This delicate, feathery leaf adds a light aniseed flavour to salads, soups and stews. Its fragrant taste is similar to fresh coriander, with a sweet undertone. Dill is best used as a finishing touch or garnish, as the flavour decreases when cooked.


Parsley is the hardiest soft-leaved herb, so can be cooked in a dish for a long period or added raw as a garnish. When cooked, it develops a woody, savoury flavour, which is why it works so well in stocks and stews. Widely used in Middle Eastern cooking, parsley adds a grassy, fresh flavour to contrast deep, smoky notes of other ingredients. I prefer flat-leaf parsley for its more robust taste.


Basil is found in many cuisines but it is most frequently used in Mediterranean cooking, in particular Italian. This sweet, strongly aromatic, soft-leaved herb is the perfect garnish for tomato salads; it is delicious as the base of a pesto, and it will bring many classic pasta dishes to life.


Chives will give a fresh, oniony kick to any dish, and can always be on hand if you grow a pot of them on a windowsill. This herb is particularly good in dressings, where it adds a subtle savoury flavour and a flash of bright green colour.


I use mint often in salads, especially one that will accompany a spicy dish. I love the combination of mint and coriander – they complement each other to give a complex, lingering flavour. I also love fresh mint tea and have a cup every day, which means that mint is always in my fridge or growing on the windowsill.


Rosemary is a hardy herb that works amazingly well with root vegetables. It’s easy to grow and should take up residence in every garden. It’s best to cook this herb, as the sweet, nutty, floral notes will develop more and the texture of the rosemary spikes will become softer and more palatable.


With its pungent aroma and flavour, thyme is perfect for slow-cooked dishes. It works well in savoury recipes and, teamed with citrus flavours, it creates an aromatic Middle Eastern twist.


When cooking vegetables, a bit of spice can open up a new world of exciting flavours and aromas. The following are my favourite spices, always on hand in my store cupboard.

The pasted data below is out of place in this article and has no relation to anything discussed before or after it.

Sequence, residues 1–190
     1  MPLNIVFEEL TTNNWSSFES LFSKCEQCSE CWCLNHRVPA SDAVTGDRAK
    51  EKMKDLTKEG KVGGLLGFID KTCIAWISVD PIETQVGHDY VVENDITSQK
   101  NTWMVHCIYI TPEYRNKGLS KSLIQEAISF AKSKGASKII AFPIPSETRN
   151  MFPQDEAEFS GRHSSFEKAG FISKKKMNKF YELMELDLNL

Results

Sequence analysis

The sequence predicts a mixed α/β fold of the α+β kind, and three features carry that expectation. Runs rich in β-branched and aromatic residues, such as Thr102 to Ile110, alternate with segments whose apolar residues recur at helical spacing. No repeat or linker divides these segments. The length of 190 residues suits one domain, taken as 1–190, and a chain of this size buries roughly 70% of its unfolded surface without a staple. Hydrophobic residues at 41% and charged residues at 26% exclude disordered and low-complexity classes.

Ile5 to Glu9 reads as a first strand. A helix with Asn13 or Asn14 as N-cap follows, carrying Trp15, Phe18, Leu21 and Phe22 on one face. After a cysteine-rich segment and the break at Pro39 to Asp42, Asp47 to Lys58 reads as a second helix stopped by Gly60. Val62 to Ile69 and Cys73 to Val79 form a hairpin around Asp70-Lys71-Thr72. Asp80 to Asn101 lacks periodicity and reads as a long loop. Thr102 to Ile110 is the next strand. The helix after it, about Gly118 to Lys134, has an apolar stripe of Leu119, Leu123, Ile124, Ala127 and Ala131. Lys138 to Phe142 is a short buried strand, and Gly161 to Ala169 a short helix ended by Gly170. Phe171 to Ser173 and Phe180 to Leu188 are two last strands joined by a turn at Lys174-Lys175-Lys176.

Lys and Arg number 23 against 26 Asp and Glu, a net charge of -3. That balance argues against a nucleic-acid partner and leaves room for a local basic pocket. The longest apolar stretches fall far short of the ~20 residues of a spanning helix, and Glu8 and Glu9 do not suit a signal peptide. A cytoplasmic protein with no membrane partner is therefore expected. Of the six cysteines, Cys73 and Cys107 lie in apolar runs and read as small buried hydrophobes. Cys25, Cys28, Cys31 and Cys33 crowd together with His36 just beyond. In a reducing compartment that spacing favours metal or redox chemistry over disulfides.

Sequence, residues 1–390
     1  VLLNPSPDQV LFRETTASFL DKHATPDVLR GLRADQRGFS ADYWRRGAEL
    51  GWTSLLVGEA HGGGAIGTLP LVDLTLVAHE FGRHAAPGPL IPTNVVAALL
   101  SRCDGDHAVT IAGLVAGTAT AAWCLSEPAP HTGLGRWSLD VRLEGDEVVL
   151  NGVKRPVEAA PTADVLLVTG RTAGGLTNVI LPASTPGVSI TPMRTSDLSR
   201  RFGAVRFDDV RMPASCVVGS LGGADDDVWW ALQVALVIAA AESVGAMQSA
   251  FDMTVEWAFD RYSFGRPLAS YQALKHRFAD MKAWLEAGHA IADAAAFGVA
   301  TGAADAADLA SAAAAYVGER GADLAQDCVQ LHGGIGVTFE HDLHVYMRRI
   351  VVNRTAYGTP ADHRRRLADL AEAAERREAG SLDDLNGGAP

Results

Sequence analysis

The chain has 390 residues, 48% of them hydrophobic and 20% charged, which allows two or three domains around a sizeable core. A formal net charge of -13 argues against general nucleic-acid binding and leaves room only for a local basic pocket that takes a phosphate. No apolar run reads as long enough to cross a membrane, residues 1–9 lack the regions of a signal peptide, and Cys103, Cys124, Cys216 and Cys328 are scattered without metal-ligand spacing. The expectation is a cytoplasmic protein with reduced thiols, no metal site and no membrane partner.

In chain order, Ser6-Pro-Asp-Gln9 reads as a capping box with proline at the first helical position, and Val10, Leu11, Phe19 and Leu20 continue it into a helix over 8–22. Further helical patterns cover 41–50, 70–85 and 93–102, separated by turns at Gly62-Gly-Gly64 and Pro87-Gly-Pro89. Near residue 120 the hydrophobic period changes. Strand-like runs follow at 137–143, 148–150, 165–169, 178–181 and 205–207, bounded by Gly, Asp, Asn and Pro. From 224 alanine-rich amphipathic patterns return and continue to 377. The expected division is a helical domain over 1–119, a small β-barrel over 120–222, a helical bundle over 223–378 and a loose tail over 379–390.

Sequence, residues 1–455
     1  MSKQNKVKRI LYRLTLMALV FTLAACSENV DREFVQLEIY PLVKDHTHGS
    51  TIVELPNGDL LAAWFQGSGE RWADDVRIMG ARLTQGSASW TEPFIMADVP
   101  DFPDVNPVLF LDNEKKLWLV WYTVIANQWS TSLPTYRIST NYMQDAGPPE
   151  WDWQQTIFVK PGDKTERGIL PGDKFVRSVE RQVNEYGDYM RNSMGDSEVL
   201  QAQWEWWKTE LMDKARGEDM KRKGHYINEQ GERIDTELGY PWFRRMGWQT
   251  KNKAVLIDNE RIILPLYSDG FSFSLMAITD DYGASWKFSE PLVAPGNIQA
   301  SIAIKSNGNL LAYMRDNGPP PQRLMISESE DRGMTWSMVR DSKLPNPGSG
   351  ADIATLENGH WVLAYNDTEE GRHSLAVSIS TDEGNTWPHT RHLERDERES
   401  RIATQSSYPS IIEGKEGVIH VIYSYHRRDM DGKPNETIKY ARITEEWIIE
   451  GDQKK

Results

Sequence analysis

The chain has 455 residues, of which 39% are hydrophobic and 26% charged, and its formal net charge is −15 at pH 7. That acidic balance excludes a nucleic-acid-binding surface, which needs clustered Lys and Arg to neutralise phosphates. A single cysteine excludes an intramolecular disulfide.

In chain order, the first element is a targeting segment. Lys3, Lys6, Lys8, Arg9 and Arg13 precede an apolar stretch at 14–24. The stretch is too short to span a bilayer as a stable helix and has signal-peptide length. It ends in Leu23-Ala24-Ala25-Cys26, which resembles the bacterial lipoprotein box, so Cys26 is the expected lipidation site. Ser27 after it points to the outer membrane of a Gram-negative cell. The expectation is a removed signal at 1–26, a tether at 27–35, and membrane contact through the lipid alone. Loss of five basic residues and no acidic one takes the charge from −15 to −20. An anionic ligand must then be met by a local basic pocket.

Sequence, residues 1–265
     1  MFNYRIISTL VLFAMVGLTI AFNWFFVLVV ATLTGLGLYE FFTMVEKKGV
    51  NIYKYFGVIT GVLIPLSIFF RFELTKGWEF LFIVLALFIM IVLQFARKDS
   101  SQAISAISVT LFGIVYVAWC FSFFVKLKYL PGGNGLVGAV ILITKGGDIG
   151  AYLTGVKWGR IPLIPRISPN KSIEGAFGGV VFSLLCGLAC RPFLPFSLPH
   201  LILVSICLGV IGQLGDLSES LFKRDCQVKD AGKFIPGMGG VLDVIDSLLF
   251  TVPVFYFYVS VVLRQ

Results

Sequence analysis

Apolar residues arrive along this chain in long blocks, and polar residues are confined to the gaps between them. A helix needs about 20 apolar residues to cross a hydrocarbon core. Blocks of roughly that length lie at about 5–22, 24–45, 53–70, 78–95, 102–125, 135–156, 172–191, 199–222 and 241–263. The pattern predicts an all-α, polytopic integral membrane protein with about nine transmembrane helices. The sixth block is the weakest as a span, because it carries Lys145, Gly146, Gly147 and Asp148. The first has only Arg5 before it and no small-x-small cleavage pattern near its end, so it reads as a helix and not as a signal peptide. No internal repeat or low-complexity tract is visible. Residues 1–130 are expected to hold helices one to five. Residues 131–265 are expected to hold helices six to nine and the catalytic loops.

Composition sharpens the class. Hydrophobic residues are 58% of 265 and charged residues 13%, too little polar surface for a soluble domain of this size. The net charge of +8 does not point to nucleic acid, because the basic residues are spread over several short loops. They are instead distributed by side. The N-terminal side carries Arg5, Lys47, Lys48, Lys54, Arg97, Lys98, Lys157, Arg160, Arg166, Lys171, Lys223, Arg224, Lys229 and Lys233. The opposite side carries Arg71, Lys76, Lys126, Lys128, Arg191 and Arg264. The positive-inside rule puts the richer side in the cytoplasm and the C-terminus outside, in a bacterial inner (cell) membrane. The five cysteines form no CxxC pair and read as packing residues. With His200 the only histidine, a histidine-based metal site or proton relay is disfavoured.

Cardamom has a unique sweet and floral flavour. The complex citrussy, earthy and aromatic taste works just as well in curries as it does in sweet dishes. I use it often in baking to bring a more savoury twist to a cake or bread.


Cinnamon will bring out the sweetness in most vegetables, which is why I use it often in tagines and curries to balance earthier spices. It is also the perfect companion to porridge – a sprinkle is all you need to bring the creamy oats to life.


These dried flowerbuds have a wonderfully strong, aromatic flavour. Widely used in Asian and African cooking, they add a floral, sweet taste with citrus notes. Cloves work well in curries and stews, as well as in sweet dishes.

Fennel seeds

The aniseed flavour of fennel seeds brings out sweetness in root vegetables. Used in stews and curries, it adds an aromatic, floral taste, which works especially well with the heat of chilli.


Cumin’s flavour – earthy, nutty and bitter – is distinctive and powerful. Just a teaspoon of ground cumin makes its presence felt in a bold curry sauce, and sprinkled over vegetables before roasting, it gives them a rich, smoky flavour.


This bright yellow spice will transform the dullest dish. I use ground turmeric in curries to add an earthy, mustardy flavour. I also like to add it when roasting cauliflower to give a deep colour, as well as a peppery, slightly bitter flavour that works well with a sweeter ingredient, such as sultanas.